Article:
July 2019
Volume 60, Issue 9
Free
ARVO Annual Meeting Abstract  |   July 2019
Natural History of Visual Function Impairment in Patients Post-treatment with Pan-retinal Photocoagulation for Proliferative Diabetic Retinopathy
Author Affiliations & Notes
  • Xing Chen
    Department of Ophthalmology and Visual Sciences, Kellogg Eye Center University of Michigan, Ann Arbor, Michigan, United States
  • Amro Omari
    Department of Ophthalmology and Visual Sciences, Kellogg Eye Center University of Michigan, Ann Arbor, Michigan, United States
  • Min Hwang
    Department of Ophthalmology and Visual Sciences, Kellogg Eye Center University of Michigan, Ann Arbor, Michigan, United States
  • Thomas W Gardner
    Department of Ophthalmology and Visual Sciences, Kellogg Eye Center University of Michigan, Ann Arbor, Michigan, United States
  • Footnotes
    Commercial Relationships   Xing Chen, None; Amro Omari, None; Min Hwang, None; Thomas Gardner, Novo Nordisk (C), Zebra Biologics (F)
  • Footnotes
    Support  Research to Prevent Blindness, The Taubman Medical Research Institute and NIDDK Summer Research Program (P30DK020572)
Investigative Ophthalmology & Visual Science July 2019, Vol.60, 6556. doi:
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    • Get Citation

      Xing Chen, Amro Omari, Min Hwang, Thomas W Gardner; Natural History of Visual Function Impairment in Patients Post-treatment with Pan-retinal Photocoagulation for Proliferative Diabetic Retinopathy. Invest. Ophthalmol. Vis. Sci. 2019;60(9):6556.

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      © ARVO (1962-2015); The Authors (2016-present)

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Abstract

Purpose : Proliferative diabetic retinopathy (PDR) is characterized by formation of new, fragile blood vessels that can bleed and obscure vision. It is commonly treated with pan-retinal photocoagulation (PRP) to reduce the risk of severe vision loss. However, PRP often impairs peripheral and central visual field function. The purpose of this study is to investigate the natural course of visual function in patients who had regressed PDR after PRP.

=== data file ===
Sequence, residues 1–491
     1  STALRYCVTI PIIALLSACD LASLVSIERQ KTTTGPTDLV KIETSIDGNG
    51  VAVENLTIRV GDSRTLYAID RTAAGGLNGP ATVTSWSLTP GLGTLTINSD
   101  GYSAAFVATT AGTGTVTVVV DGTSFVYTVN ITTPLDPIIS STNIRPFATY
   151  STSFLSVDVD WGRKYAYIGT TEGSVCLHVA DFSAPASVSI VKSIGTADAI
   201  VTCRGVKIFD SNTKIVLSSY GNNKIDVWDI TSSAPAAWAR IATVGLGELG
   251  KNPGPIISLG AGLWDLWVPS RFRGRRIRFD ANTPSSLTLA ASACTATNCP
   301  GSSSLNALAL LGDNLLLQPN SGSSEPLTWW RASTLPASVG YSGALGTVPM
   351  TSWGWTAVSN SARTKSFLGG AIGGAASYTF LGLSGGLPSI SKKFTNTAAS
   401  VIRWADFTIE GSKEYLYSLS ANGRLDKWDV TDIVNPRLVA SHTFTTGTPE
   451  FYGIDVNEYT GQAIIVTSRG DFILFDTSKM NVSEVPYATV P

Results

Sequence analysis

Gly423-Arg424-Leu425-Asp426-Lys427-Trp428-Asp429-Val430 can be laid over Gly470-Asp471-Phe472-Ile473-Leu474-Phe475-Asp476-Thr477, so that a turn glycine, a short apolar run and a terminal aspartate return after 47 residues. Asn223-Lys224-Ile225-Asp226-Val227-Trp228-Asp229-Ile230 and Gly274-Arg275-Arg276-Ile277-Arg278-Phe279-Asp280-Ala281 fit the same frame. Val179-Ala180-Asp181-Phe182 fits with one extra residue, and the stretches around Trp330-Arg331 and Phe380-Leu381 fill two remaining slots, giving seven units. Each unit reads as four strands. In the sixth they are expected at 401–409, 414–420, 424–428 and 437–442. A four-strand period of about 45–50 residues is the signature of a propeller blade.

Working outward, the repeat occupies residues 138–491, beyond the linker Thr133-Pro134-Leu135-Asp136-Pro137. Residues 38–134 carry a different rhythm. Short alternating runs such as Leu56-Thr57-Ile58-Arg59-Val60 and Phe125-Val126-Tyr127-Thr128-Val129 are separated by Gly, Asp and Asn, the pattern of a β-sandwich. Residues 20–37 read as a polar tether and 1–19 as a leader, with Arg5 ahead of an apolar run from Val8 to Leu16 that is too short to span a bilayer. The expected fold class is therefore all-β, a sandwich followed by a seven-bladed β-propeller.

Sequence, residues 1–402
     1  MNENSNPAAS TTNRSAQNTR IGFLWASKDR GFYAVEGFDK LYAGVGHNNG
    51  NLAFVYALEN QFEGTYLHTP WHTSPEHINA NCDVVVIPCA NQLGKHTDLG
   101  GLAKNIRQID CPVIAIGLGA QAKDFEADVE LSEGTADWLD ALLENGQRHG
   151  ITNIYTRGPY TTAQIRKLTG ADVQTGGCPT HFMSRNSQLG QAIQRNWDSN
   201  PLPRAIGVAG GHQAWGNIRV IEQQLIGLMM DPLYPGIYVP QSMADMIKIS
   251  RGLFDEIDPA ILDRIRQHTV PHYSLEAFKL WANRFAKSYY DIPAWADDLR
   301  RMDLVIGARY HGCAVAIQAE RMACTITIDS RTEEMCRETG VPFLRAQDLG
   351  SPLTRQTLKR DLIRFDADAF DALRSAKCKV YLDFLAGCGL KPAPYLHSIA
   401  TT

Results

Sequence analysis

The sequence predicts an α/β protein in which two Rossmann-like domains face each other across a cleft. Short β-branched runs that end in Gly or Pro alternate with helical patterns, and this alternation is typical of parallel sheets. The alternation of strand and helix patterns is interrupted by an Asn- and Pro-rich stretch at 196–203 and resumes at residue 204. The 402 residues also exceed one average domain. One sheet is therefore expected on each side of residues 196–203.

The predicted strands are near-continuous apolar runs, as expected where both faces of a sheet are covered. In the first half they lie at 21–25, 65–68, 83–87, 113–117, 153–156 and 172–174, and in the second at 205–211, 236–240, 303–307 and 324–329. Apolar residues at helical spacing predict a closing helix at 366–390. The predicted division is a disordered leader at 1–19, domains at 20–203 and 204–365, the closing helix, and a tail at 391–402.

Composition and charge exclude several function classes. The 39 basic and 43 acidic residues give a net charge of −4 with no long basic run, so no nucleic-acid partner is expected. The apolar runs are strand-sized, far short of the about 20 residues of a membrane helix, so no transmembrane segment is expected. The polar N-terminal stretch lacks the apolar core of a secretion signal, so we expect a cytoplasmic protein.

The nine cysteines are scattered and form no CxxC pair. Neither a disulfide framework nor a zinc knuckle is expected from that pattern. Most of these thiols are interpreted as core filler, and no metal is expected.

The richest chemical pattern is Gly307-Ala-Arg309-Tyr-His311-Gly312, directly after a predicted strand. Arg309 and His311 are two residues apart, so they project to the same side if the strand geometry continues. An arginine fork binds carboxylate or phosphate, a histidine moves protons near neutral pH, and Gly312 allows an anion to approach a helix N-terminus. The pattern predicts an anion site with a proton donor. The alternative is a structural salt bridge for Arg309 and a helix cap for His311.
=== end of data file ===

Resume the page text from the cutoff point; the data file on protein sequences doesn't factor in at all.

Methods : We recalled 22 diabetic participants who had previously undergone PRP (1-32 years ago) and 11 age-matched controls for repeat evaluation 4-5 years after baseline evaluation. The PRP had been performed, on average, 18.4 (range: 1-32) years previously. Tests included Pelli Robson contrast sensitivity, quick Contrast Sensitivity Function, Minnesota reading test, Frequency Doubling Technology 24-2 program, Humphrey Field Analyzer 10-2 and 60-4 program, photostress, and dark adaptation, along with the National Eye Institute Visual Function Questionnaire (NEI VFQ)-25 and the Low Luminance Questionnaire (LLQ). Data analysis was performed using SPSS. Independent and dependent t-tests were used to compared between groups and between two time points.

Results : At the follow-up visit, the diabetic group performed worse than the control group in all visual function tests and questionnaires, showing impairment in central and peripheral vision, and lower quality of life. However, the diabetic group who had received PRP showed no significant decline in any major vision and quality of life parameters when adjusted for the effect of aging.

Conclusions : This natural history study demonstrates that, even many years after PRP treatment, PDR patients can have stable visual function with mild deterioration over time, possibly associated with aging. This is the first longitudinal study that assessed visual function in patients years after laser treatment for PDR. These findings may help to design future clinical trials to improve vision in persons who have received PRP for PDR.

This abstract was presented at the 2019 ARVO Annual Meeting, held in Vancouver, Canada, April 28 - May 2, 2019.

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